By Scott Billeck – @scottbilleck
It is an issue that has no preferences. Today is Bell Let’s Talk Day, promoting awareness of mental health issues that affect everyone, in pro sports and with your hometown Winnipeg Jets.
It’s not an easy subject to talk about by any means, but the tragedies that have struck the National Hockey League in recent years have driven the issue to the forefront of the culture that encompasses the game.
“I think it is extremely important to bring awareness to mental health,” said Mark Stuart. “It is an issue that has a stigma attached to it and doesn’t get talked about a lot. It is unfortunate that we have experienced some hardships in the past.”
Those hardships include forever-Winnipeg Jet Rick Rypien, who will be honoured tonight as each Jets player will wear his No. 11 jersey during warmups.
“It doesn’t matter who you are, what kind of family you come from, what kind of personality you have – anyone can be affected by mental health issues,” stated Stuart. “If you look at a guy like Rick, a hard-nosed guy that everything I heard about him, I know I would have really enjoyed playing with him. (He) was a guy who came to work every day and worked hard and was a tough, tough guy.
“So anybody, it doesn’t matter who you are, can be affected by these issues. So we have to be comfortable talking about them.”
It’s not the first day hockey has devoted to mental health and will surely not be the last. Stuart says that the subject has lost a lot of the awkwardness attached to it over the past four years.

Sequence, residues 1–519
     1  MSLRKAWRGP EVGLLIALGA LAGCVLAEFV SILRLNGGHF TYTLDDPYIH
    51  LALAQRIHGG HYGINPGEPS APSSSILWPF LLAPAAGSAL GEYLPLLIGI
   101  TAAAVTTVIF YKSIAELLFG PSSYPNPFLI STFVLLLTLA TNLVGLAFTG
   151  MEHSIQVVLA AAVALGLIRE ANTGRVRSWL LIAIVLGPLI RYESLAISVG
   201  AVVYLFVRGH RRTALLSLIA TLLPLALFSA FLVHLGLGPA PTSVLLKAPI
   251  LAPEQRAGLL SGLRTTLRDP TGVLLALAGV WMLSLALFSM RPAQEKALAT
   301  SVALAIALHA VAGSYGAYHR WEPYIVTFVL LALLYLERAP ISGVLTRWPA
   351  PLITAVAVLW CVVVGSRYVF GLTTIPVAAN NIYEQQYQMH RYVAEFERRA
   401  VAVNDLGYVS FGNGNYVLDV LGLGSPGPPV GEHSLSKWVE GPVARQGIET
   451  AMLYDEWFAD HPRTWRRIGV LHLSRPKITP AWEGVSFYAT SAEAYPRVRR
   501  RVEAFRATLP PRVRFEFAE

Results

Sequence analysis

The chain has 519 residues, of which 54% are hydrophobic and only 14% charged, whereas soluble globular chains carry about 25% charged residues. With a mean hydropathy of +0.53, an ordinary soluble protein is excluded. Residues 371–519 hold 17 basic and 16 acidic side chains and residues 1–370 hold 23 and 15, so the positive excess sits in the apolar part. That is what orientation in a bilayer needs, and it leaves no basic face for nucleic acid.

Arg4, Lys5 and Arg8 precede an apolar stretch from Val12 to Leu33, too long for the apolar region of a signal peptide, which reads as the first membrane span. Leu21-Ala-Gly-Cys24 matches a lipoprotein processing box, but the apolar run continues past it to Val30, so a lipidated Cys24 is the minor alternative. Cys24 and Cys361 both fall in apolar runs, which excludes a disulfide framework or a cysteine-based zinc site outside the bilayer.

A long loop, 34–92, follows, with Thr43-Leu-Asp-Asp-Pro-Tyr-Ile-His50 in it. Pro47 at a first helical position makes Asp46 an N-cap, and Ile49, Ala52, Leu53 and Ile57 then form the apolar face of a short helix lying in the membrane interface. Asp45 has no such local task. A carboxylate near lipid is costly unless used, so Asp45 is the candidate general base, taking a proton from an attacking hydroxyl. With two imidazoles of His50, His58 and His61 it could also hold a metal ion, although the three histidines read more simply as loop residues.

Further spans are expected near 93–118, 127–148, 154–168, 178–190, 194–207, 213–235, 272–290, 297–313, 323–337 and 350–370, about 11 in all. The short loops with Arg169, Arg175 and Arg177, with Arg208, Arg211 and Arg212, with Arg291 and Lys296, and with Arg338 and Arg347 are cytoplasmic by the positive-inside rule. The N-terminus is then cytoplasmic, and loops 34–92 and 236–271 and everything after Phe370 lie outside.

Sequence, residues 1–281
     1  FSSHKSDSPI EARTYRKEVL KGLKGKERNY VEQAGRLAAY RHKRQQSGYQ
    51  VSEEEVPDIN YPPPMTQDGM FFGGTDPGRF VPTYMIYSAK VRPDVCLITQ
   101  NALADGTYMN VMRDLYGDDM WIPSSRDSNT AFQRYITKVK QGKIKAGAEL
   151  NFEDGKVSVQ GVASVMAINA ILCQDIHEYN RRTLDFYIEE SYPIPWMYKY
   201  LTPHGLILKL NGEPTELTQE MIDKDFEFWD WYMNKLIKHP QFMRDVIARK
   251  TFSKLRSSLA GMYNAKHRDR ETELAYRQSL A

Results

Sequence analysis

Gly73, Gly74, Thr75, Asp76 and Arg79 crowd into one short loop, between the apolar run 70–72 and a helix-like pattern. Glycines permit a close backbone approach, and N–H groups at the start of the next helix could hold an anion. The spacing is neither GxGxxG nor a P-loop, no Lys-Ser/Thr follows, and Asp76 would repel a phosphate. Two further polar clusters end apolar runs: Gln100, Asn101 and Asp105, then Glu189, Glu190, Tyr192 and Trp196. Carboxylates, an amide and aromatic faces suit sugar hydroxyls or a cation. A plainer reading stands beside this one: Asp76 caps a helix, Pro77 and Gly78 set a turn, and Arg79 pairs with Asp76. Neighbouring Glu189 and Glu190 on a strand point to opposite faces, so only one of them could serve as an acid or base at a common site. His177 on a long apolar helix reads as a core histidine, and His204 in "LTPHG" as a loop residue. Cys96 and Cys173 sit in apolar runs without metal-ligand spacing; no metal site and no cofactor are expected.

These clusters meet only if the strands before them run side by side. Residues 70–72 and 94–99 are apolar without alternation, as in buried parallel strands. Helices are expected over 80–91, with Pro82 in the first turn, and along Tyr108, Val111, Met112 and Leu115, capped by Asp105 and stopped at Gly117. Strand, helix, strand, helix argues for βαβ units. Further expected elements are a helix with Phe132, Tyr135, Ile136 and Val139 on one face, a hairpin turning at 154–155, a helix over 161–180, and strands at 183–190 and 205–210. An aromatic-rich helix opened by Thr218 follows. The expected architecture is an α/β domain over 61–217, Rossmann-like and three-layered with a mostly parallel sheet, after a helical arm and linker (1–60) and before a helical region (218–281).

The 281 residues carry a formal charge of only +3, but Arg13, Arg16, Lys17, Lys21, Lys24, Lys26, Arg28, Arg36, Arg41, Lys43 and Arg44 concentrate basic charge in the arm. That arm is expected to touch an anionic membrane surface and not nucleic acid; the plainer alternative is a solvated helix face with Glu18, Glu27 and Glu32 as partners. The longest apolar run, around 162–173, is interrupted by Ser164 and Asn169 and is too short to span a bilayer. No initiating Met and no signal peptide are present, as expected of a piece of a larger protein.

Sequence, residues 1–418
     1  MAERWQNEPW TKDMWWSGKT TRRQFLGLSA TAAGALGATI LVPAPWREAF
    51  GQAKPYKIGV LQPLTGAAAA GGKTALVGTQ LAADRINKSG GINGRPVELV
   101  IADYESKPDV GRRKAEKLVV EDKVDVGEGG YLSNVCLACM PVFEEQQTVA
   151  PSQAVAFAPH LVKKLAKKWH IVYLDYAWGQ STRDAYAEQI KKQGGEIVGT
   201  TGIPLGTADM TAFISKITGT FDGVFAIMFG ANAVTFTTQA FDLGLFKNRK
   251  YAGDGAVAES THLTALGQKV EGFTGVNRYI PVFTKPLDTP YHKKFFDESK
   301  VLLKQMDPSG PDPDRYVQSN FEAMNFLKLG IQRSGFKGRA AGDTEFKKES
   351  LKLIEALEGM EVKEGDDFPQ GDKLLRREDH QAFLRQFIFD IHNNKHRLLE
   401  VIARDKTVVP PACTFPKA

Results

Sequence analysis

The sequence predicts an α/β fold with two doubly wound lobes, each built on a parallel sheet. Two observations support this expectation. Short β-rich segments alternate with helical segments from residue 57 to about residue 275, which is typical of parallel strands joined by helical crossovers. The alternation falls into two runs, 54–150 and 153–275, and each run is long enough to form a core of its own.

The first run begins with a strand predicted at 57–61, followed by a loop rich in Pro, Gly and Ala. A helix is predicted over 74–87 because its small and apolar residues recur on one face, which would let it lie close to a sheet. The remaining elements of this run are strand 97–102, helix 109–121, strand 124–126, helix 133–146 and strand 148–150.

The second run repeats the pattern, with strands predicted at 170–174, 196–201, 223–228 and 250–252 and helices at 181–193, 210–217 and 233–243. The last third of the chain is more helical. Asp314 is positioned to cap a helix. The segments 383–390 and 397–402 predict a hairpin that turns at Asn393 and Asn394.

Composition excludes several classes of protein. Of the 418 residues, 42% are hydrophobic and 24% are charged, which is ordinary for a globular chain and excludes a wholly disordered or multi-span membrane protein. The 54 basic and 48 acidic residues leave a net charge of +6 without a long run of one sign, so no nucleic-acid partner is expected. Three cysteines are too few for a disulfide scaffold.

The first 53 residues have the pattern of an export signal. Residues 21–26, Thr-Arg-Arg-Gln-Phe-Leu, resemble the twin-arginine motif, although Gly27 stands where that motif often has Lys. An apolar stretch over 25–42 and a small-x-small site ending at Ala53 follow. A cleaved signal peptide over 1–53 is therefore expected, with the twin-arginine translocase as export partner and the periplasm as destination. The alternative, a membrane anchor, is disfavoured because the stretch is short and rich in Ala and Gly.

“I think the NHL and the NHLPA have done a great job of putting avenues in place for players to speak to people,” said Stuart. “You don’t have to make it known to your teammates if you don’t want to, there are plenty of options out there.”
Winnipeg Jets head coach Paul Maurice said that his daughter attended a function for Daron Richardson, the 14-year-old girl who tragically took her life back in 2010. Daron is the daughter of former NHLer and current AHL head coach Luke Richardson.
“I think that anytime in pro sports, certainly hockey — male-dominated, masculine, macho sports — can reach out to areas in everyone’s lives, normal every day people, professional athletes and show that it is not a weakness, it’s a awareness of the frailties of all people,” said Maurice.
With the statistic that one-in-five people will experience a mental health issue in their lifetime, Maurice made it known that NHL players are regular human beings as well and experience no immunity to the illness.
“It is in our sport, our sport is made of human beings, and when they see someone who’s played professional sports — especially the physical roll players — when they open up and talk about that it makes it okay, especially for young people.
“When they can say that this is something that needs to be looked at and you can ask for help and it doesn’t mean you are weak – it means you have the strength to ask for help. I think that is a great role and one of the fine things, one of the important things you do in pro sports.”
If you are someone struggling with depression, please take a moment to read my story. Don’t hesitate to ask for help.
You are not alone.